Struggling with a slight injury midway through the season, Babel managed to play a total of 16 league matches for Ajax, scoring four goals in total in the Eredivisie. He also made four appearances in the 2012–13 UEFA Champions League, as well as two more appearances in the 2012–13 KNVB Cup, where he scored the second goal in the '15-minute of the second round fixture against FC Utrecht, with the match ending 3–0 for the Amsterdam side prior to his injury. He would return to action after being sidelined to help his side secure their 3rd consecutive national title and 32nd overall.

Ryan Babel playing for Besiktas in 2018.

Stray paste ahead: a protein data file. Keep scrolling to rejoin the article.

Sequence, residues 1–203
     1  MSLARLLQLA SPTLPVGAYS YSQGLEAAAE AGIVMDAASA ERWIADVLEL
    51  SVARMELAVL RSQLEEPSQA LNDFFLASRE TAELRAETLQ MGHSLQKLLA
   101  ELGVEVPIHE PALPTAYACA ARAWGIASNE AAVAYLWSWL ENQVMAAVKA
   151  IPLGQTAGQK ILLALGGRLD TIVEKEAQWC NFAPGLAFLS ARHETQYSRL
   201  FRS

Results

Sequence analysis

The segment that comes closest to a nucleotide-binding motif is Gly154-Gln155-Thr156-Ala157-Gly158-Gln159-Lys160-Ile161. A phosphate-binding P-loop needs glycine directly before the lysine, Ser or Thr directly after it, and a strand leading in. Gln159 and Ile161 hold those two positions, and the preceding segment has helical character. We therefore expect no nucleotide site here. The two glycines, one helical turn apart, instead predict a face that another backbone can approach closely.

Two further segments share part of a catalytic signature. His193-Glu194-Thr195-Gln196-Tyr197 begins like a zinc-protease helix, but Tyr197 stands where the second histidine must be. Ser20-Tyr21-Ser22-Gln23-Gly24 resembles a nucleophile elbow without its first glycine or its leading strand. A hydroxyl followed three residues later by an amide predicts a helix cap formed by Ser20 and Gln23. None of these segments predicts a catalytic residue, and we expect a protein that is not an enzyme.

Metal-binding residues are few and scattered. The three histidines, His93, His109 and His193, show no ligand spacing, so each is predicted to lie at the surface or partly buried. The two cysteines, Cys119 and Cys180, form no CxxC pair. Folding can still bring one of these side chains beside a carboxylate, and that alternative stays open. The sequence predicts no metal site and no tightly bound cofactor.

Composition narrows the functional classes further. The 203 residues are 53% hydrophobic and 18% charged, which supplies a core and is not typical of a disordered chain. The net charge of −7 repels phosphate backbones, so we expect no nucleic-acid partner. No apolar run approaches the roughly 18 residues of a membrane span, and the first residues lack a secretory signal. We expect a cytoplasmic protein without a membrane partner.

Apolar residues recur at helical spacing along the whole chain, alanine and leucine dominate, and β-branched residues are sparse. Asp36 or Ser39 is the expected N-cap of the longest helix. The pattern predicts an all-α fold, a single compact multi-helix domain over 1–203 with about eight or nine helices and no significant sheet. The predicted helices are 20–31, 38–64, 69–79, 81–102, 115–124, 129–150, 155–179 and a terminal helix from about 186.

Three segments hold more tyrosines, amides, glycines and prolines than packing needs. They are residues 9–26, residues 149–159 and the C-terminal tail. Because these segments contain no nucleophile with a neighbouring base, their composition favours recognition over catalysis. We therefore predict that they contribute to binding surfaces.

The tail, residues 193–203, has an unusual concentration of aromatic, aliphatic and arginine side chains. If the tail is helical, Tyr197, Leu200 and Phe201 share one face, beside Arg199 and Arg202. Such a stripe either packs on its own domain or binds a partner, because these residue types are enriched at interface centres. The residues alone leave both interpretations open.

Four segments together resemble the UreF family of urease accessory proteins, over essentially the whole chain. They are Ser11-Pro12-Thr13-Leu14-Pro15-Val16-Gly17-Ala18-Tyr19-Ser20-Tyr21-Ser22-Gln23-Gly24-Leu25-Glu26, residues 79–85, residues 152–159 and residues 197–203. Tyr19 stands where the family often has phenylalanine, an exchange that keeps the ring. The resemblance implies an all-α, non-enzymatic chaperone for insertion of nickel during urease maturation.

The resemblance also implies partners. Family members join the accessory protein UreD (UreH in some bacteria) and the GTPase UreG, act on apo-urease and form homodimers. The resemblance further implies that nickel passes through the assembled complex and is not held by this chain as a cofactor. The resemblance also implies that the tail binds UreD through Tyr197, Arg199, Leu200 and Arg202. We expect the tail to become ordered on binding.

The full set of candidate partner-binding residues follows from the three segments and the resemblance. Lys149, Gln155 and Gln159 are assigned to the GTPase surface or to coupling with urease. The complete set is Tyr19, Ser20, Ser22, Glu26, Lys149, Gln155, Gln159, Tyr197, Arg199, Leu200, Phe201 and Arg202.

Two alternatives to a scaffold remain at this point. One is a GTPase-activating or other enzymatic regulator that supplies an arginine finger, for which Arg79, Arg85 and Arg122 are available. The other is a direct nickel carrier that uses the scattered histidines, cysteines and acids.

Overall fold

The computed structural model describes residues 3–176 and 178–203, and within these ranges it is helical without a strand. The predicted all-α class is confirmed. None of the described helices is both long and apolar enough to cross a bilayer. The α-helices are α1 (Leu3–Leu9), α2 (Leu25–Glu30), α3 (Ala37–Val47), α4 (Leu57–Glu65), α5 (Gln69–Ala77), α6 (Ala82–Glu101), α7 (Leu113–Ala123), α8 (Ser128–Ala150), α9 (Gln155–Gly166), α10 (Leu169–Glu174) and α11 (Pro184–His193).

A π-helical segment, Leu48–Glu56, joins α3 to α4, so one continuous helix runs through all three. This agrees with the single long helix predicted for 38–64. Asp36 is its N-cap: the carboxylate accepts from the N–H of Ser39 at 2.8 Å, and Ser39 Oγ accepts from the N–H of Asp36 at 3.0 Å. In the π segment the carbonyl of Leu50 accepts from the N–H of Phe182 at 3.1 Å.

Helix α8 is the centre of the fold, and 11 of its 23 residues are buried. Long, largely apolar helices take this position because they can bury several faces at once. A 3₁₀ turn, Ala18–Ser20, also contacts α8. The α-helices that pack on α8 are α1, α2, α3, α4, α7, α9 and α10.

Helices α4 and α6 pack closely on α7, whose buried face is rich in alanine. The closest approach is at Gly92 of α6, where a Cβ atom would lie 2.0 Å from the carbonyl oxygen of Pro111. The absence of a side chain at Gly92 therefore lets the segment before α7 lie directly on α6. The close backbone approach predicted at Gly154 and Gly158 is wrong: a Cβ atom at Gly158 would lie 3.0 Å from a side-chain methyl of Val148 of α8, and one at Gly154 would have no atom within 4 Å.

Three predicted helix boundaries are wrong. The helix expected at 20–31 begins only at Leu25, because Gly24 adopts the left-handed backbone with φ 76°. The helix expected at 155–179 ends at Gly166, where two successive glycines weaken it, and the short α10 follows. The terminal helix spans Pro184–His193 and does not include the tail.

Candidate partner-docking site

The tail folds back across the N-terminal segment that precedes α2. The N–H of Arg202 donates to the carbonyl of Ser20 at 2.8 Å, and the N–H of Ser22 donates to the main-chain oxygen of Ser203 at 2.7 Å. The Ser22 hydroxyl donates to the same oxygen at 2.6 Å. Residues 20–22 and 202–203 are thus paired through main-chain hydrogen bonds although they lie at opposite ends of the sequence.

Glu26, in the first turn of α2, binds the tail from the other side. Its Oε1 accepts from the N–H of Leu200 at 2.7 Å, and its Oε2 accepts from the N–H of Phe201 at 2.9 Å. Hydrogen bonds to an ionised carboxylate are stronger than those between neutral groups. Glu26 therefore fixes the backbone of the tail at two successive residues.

Opting not to extend his contract with Ajax in order to make way for the next generation,[40] Babel decided to join Turkish side Kasımpaşa where former Ajax player Shota Arveladze was the current manager. He was joined in Turkey by fellow Amsterdam born defender Ryan Donk who made the transfer from Belgian side Club Brugge.[41]

Al Ain

Babel signed a contract with UAE Arabian Gulf League champions Al Ain to replace the outgoing Miroslav Stoch. He signed the contract after passing a medical test on 2 July 2015. In December 2015, Al Ain and Babel were involved in a conflict over Babel's disciplinary issues with the club's hierarchy and regarding his use of social media. The club demoted him to the reserves citing poor performance.[42]